This Article investigates whether nonsectoral state laws may serve as a viable source of privacy and security standards for mobile health research participants and other health data subjects until new federal laws are created or enforced. In particular, this Article (1) catalogues and analyzes the nonsectoral data privacy, security, and breach notification statutes of all fifty states and the District of Columbia; (2) applies these statutes to mobile-app-mediated health research conducted by independent scientists, citizen scientists, and patient researchers; and (3) proposes substantive amendments to state law that could help protect the privacy and security of all health data subjects, including mobile-app-mediated health research participants.
This Article proceeds as follows: Part I provides background information regarding mobile apps and their use by independent scientists, citizen scientists, and patient researchers as well as conventional researchers who fall outside traditional sources of privacy and security regulation. After reviewing federal and international data privacy, security, and breach notification standards, Part II shows why some citizen scientists, independent researchers, and patient researchers, as well as the mobile-app developers and data storage and processing companies that support them, are not subject to such regulation.
Part III of this Article reports the results of a comprehensive survey of state privacy, security, and breach notification laws. In particular, Part III investigates the presence or absence in the statutes of each state and the District of Columbia of nonsectoral data privacy and security standards, including prior notification of and authorizations for the use and disclosure of individually identifiable data; administrative, technical, and physical data safeguards; and breach notification to individuals, government agencies, and consumer reporting agencies. Part III applies these rights and protections, when they exist, to individuals who conduct and support mobile-app-mediated health research. Part III finds that all jurisdictions have at least one potentially applicable breach notification statute, more than two-thirds of jurisdictions have at least one potentially applicable data security statute, and more than one quarter of jurisdictions have at least one potentially applicable data privacy statute. These findings suggest that states have the current or potential infrastructure to protect the privacy and security of mobile health research data and other health-related data that is not protected by traditional, federal health laws such as the HIPAA Rules.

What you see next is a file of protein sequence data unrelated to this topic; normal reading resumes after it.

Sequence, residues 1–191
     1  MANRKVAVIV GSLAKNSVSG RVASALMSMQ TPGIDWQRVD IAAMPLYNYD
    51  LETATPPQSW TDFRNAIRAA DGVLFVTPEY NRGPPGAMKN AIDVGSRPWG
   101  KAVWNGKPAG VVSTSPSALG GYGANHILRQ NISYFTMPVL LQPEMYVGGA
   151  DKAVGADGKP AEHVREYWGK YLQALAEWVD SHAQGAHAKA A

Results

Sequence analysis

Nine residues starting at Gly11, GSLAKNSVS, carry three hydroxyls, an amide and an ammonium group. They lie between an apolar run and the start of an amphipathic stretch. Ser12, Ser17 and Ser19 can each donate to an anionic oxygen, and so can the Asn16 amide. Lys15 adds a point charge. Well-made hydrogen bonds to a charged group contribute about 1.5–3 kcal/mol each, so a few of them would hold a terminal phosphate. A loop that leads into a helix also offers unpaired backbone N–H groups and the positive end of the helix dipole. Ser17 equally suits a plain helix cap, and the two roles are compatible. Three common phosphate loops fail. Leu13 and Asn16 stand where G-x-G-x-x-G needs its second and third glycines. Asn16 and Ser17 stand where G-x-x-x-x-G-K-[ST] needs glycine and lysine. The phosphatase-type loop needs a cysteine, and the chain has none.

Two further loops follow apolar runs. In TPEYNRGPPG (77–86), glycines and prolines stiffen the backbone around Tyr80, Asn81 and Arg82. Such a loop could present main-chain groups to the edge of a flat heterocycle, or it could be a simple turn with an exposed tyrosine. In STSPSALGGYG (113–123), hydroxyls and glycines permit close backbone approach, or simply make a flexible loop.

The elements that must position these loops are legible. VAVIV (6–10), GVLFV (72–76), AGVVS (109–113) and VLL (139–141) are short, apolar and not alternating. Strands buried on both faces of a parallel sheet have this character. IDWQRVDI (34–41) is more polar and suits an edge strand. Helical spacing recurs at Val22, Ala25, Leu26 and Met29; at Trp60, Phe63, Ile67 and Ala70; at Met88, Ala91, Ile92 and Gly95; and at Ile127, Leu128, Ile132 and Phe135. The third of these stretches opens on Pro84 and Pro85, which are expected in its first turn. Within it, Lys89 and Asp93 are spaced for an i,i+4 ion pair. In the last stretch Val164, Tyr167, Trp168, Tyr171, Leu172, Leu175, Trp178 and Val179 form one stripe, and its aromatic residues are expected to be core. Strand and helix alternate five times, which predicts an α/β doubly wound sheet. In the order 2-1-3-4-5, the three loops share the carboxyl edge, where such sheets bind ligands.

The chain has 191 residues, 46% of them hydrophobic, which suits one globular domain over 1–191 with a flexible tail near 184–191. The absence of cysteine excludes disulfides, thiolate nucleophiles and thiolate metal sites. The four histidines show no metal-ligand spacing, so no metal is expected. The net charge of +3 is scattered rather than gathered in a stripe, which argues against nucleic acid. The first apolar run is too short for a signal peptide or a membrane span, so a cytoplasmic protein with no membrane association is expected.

Taking a nonsectoral approach to data privacy and security, this Article concludes by proposing amendments to breach notification statutes as well as content for states that lack generally applicable data privacy and security statutes. If adopted, these proposals could create cross-industry privacy and security protections that will benefit all health data subjects, including participants in mobile-app-mediated health research. This Article also considers the challenges and opportunities associated with both intra- and interindustry data privacy and security regulation. Although sectoral approaches to privacy and security made sense even a quarter of a century ago, the time has come for generally applicable forms of data protection.
Stacey A. Tovino,
Going Rogue: Mobile Research Applications and the Right to Privacy,
Notre Dame L. Rev.
Available at: https://scholarship.law.nd.edu/ndlr/vol95/iss1/4